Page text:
The researchers also noted that Clostridium cellulolyticum has been genetically engineered to improve ethanol production, and this has led to additional more detailed research. Clostridium cellulolyticum has a sequenced genome available via DOE's Joint Genome Institute. This proof of concept research sets the stage for studies that will likely involve genetic manipulation of other consolidated bioprocessing microorganisms.


'/>"/>

Contact: Ron Walli
wallira@ornl.gov
865-576-0226
DOE/Oak Ridge National Laboratory
Source:Eurekalert

Related biology news :

1. Potential CITES trade ban for rare salamander underscores wildlife e-commerce
2. Students learn environmental stewardship, improve science scores
3. Childrens blood lead levels linked to lower test scores
4. Structural biology scores with protein snapshot
5. Infant formula adulteration with melamine underscores need for better detection methods
6. Nobel Laureate underscores importance of investment in basic research
7. Teenage boys who eat fish at least once a week achieve higher intelligence scores
8. For first time, scientists show an HIV vaccine impacts the genetic makeup of the virus
9. Canadian researchers first worldwide to generate pluripotent stem cells from horses
10. Erlotinib effective and with fewer side-effects after first-line treatment
11. First harmful algal bloom species genome sequenced
Post Your Comments:
*Name:
*Comment:
*Email:
(Date:3/22/2016)... 2016 According to ... for Consumer Industry by Type (Image, Motion, Pressure, ... & IT, Entertainment, Home Appliances, & Wearable ... 2022", published by MarketsandMarkets, the market for ... USD 26.76 Billion by 2022, at a ...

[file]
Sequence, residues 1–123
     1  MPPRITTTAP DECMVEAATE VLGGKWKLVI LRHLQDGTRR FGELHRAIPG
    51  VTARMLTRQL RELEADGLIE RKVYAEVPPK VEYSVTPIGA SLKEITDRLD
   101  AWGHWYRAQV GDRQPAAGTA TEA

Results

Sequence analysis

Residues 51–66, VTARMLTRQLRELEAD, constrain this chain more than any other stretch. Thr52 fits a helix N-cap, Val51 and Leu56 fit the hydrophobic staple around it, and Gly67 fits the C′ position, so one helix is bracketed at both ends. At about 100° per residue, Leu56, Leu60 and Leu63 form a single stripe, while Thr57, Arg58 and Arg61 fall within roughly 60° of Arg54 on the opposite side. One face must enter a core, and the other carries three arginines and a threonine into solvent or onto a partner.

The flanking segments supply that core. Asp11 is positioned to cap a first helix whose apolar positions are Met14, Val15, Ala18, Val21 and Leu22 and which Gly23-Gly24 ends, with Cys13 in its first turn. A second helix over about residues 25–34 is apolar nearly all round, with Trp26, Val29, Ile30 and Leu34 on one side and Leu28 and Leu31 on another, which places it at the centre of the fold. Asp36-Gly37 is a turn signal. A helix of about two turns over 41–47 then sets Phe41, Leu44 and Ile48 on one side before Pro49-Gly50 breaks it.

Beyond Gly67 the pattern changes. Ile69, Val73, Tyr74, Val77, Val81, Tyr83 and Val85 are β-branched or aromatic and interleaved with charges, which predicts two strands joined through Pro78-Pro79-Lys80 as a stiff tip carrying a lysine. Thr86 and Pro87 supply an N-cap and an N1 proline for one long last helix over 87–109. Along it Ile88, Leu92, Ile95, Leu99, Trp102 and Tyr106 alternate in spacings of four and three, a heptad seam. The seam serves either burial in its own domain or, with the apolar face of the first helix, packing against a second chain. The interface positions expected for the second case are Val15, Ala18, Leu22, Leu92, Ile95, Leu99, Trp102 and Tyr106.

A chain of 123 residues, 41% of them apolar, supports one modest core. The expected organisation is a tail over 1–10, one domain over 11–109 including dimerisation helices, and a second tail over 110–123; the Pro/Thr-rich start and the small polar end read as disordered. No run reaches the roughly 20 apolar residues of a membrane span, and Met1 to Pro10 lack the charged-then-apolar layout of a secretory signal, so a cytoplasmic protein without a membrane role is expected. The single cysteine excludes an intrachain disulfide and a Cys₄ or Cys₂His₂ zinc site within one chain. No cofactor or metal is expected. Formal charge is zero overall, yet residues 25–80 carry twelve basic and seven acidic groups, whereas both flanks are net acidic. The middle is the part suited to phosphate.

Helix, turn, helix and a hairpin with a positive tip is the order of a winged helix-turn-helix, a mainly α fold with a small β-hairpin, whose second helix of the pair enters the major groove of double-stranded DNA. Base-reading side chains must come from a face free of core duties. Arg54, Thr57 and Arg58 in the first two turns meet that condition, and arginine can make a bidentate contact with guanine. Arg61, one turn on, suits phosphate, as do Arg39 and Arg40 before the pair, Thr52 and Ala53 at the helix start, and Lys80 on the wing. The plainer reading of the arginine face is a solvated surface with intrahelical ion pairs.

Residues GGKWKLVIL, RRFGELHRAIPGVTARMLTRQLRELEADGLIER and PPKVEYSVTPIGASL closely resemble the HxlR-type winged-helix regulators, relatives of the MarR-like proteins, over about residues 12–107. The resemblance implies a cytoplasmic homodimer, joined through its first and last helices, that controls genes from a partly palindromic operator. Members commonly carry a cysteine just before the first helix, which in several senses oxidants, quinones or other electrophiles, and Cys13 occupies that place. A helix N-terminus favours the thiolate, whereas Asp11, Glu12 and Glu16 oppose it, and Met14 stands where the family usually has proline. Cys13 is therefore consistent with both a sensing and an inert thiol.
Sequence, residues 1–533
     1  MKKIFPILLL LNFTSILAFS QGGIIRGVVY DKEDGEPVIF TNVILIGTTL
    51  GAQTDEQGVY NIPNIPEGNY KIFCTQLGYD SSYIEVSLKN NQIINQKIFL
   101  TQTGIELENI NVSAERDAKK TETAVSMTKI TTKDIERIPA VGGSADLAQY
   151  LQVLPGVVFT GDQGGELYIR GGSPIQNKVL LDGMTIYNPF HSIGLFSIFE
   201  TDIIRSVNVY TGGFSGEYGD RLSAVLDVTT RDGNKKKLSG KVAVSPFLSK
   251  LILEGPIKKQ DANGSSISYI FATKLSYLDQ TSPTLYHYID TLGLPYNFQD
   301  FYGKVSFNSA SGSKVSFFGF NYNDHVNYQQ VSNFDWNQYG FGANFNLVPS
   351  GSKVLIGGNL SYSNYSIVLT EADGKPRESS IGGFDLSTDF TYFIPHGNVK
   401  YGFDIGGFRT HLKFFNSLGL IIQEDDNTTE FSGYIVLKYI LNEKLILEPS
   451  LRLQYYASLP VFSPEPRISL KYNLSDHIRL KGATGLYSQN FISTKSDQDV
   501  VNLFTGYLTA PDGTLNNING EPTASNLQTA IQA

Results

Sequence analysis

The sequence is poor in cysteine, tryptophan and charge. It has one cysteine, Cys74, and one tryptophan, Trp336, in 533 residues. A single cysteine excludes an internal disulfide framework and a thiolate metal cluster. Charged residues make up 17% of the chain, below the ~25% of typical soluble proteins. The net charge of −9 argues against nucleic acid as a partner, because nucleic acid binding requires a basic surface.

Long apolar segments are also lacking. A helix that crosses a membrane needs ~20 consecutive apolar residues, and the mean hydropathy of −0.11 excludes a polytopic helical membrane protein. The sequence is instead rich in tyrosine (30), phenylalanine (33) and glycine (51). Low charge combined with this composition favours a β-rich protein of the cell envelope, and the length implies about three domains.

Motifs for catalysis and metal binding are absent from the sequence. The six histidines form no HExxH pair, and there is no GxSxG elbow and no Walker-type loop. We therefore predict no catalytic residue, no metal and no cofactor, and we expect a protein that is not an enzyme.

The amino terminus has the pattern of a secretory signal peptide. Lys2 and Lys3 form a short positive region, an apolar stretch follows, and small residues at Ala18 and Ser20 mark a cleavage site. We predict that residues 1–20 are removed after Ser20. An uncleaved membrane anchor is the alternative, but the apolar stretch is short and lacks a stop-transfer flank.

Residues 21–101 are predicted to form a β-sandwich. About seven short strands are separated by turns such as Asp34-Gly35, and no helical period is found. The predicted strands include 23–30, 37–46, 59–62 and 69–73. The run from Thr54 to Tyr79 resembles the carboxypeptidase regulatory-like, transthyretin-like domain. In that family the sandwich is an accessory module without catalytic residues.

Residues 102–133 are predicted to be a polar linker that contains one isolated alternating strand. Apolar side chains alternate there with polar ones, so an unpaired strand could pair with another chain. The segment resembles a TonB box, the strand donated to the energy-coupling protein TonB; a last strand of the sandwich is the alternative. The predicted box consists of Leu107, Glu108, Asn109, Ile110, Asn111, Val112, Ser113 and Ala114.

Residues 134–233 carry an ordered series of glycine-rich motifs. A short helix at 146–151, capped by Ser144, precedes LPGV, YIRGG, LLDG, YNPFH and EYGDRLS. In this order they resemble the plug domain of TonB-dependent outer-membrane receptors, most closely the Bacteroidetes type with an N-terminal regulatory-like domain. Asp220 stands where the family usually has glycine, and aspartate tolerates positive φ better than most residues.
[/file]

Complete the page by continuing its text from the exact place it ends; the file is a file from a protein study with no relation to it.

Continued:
(Date:3/17/2016)... March 17, 2016 ABI Research, the ... the global biometrics market will reach more than ... increase from 2015. Consumer electronics, particularly smartphones, continue ... sensors anticipated to reach two billion shipments by ... Dimitrios Pavlakis , Research Analyst at ABI Research. ...
(Date:3/14/2016)... Allemagne, March 14, 2016 ... - --> - Renvoi : image disponible ... --> --> DERMALOG, ... fournit de nouveaux lecteurs d,empreintes digitales pour l,enregistrement ... DERMALOG sera utilisé pour produire des cartes d,identité ...
Breaking Biology News(10 mins):
(Date:5/18/2016)... -- The Biotech industry continues to face a ... are no opportunities ahead. Today, ActiveWallSt.com has on its list ... ), Seattle Genetics Inc. (NASDAQ: SGEN ), Chiasma ... OPHT ). Sign up now to receive our ... Threshold Pharmaceuticals Inc.,s shares gained 0.68%, closing ...
(Date:5/18/2016)... Muncie, IN (PRWEB) , ... May 18, 2016 , ... ... 1970, and is now celebrating its dream of reaching a total of $1 million ... in scholarships awarded to 10 high school graduates from across the nation has helped ...
(Date:5/17/2016)... ... May 17, 2016 , ... DryLet, ... reduction applications, announced today it will be showcasing ManureMagic™ at booth V1061 at ... featured in the Wall Street Journal last year and more recently made news ...
(Date:5/17/2016)... ... May 17, 2016 , ... The Children’s Tumor Foundation is enthusiastic to announce ... will show their support in the fight against neurofibromatosis (NF) by lighting up blue ... disorder that causes tumors to grow on nerves throughout the body. It affects 1 ...
Breaking Biology Technology: